The fall of mass culture? 2005-04-11

In FAQ: Does the rise of the LT = the fall of mass culture? Chris Anderson asks the question if the long tail - the increasing effectivity we can address niches with - means that mass culture will die.

Some personal perspectives: I'm from Norway, a country with a population of 4 million. When I was a kid (early 80's) we had three TV channels: The Norwegian public broadcasting service, and the then two Swedish public broadcasting channels. There were satellite and cable services but very few had them.

Everybody watched the same shows - I certainly do recognise that.

Fast forward to the mid 80's and we got cable. And so did the neighbours. And lots of my friends at school. Not many channels - 20 or so. But the transformation was still large. The public broadcaster was (and is) still hugely popular, but significant changes immediately occured in the viewing habits of many groups. Kids, for instance, were suddenly watching US and British cartoons, and teenagers started getting more of their musical input from Pat Sharp on Sky Channel rather than local DJ's (I still find it amuzing that a British channel was so vastly more popular outside the UK than in - most Brits don't seem to be aware of the old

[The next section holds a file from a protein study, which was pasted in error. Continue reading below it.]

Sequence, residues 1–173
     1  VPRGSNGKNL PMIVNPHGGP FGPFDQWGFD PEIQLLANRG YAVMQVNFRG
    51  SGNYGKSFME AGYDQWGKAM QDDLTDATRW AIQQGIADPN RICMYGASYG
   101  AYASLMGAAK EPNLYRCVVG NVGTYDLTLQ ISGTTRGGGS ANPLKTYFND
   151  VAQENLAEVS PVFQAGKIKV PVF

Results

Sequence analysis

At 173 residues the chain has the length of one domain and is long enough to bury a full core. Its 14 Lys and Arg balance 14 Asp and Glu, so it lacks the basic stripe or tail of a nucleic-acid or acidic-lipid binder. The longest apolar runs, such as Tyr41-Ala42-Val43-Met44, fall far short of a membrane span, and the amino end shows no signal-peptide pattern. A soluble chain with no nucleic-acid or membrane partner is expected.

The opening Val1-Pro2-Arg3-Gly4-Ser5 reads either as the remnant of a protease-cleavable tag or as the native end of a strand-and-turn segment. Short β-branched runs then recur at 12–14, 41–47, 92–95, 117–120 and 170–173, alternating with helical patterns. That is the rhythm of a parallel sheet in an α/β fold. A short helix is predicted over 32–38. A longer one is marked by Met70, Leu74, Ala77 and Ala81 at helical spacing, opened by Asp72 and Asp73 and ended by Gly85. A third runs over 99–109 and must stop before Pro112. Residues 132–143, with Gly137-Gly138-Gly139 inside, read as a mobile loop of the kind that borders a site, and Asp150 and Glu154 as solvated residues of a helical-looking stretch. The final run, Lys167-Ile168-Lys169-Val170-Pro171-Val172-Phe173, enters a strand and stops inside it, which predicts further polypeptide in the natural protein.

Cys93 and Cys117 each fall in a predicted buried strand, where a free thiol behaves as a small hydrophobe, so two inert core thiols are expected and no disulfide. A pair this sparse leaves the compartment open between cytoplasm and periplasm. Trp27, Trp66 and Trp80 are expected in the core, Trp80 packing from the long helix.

20 years on and the landscape has shifted drastically. More media, more segmentation.

While I think there will always be room for some degree of mass culture, I agree that it's influence will drop - the curve will flatten. But it's human nature to want to belong to larger groups, to want to be popular and watch and listen to what others watch and listen to.

I think that the main change isn't that people doesn't want to find that any more, but that the sheer availability of media makes it incredibly much harder to cover the market effectively enough to build the kind of following you could easily get before.

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